- Monitor their goal progress help them pivot accordingly. At the beginning of every meeting, ask your mentee if they’re on track to reach their goal. Whenever the answer is “no” or “I’m not sure,” focus that session on addressing why they’re behind and, if needed, change their future milestones.
- Help them expand their knowledge and skillset. A challenge that many junior employees face is not knowing what skills and knowledge they need learn to move up to the next level. As a senior professional, you can help them prioritize what classes, books, podcasts, etc. they should learn from.
Remember: your focus should be doing whatever it takes to help your mentee achieve their goals. To do this, you may have to do a variety of other activities to equip them to be successful.
Transform Your Relationship into a Collaborative Partnership
If you’re mentoring through a program at work or with another organization, there’s have a completion date. However, that doesn’t mean your relationship has to end.
If you formed a great connection with your mentee and they're becoming more successful, you’ll both benefit from shifting your mentorship into a collaborative business partnership.
Here are some ways you can continue to support one another:
- Be mutual accountability partners. Research shows you are 30% more likely to achieve your goals if you share them with other people.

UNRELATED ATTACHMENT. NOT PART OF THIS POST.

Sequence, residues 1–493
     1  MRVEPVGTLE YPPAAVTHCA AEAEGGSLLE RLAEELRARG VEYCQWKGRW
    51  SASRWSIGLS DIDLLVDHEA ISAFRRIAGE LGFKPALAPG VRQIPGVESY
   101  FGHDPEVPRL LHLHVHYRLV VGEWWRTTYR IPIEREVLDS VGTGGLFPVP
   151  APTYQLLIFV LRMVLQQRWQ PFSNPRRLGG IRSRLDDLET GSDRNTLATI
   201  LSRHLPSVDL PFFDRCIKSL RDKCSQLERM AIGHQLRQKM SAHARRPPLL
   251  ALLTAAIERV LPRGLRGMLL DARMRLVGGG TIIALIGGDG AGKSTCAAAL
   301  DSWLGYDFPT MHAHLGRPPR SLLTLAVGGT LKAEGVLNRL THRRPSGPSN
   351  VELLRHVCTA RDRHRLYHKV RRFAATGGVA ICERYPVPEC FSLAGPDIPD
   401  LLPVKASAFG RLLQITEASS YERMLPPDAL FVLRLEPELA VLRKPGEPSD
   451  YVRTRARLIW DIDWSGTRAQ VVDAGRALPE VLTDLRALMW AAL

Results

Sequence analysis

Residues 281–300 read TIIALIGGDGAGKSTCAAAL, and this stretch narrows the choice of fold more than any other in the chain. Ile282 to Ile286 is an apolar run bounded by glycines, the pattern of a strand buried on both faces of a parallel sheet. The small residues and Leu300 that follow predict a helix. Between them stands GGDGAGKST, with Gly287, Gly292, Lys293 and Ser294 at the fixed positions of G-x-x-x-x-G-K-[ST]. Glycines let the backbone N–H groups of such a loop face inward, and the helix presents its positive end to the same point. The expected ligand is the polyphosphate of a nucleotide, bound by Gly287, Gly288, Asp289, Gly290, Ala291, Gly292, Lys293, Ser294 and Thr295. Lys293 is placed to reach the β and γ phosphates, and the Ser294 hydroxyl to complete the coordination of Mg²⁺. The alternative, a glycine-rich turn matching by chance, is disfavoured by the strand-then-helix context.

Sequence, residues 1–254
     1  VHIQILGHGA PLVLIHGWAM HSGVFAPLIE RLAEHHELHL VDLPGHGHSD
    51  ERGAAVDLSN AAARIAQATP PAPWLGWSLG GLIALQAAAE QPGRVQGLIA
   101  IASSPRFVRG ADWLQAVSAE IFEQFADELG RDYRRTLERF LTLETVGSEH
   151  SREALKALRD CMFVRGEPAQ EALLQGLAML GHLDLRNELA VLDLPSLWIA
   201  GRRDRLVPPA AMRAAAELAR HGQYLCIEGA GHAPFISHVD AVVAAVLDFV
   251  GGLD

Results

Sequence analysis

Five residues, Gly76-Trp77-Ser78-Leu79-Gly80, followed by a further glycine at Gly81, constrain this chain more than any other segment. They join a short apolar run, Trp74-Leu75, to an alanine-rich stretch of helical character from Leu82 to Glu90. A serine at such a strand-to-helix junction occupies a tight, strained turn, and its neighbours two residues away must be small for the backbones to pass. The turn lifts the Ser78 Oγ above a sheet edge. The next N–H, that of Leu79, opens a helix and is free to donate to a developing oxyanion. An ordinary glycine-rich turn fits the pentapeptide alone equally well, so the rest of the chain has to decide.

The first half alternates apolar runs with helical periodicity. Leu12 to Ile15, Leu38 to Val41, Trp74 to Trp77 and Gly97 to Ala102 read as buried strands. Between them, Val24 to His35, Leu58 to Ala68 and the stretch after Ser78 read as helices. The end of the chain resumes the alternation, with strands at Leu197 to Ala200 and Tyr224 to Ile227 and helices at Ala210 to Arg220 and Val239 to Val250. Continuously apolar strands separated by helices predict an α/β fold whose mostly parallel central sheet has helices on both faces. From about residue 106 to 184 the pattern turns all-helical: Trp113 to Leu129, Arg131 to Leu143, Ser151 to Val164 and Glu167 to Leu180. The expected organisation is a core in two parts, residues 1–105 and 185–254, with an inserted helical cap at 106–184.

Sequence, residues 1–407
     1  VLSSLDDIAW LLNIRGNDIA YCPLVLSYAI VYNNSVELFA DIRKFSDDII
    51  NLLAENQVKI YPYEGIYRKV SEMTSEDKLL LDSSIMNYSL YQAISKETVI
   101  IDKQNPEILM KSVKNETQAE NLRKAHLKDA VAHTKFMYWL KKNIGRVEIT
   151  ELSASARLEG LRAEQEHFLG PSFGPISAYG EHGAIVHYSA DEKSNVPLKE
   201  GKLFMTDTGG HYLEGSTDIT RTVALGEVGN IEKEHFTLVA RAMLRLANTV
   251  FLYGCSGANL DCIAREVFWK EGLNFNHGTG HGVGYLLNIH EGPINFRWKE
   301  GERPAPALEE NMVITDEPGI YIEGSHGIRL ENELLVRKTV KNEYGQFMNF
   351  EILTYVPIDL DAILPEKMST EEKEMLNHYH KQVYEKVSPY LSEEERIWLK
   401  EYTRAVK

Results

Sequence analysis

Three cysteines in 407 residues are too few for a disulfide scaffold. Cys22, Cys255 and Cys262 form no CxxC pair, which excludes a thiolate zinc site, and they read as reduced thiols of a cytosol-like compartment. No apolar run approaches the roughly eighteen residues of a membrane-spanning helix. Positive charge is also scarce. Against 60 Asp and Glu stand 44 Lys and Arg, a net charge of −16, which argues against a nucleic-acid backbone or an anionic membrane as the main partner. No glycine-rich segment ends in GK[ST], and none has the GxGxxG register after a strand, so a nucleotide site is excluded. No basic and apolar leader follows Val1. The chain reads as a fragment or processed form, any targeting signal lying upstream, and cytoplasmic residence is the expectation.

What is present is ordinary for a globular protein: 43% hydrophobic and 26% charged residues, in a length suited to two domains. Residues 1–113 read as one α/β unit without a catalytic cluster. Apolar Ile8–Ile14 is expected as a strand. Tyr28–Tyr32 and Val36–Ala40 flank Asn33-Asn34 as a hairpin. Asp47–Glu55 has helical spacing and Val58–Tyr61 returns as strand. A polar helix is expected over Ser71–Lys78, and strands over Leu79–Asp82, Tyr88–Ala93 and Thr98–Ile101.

- Help each other overcome challenges. As your mentee develops their careers, they are going to become increasingly capable of helping you generate solutions to the issues you face.
- Be advocates for one another. Whether it’s sending one another referrals, helping each other get promotions or supporting each other’s careers in different capacities,
- Support one another’s personal goals. As your friendship develops, begin helping each other outside of work. Whether your goal is to run a marathon or become involved in a social cause, there’s always something they can do to ensure your success and vice versa.
Bottom line: Mentoring is one of the most rewarding (in all aspects) things you can do. Strategically focusing your activities and conversation topics helps you get maximum results.
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About the Author: Emily leads Prialto's content production and distribution team with a special passion for helping people realize success. Her work and collaborations have appeared in Entrepreneur, Inc. and the Observer among others.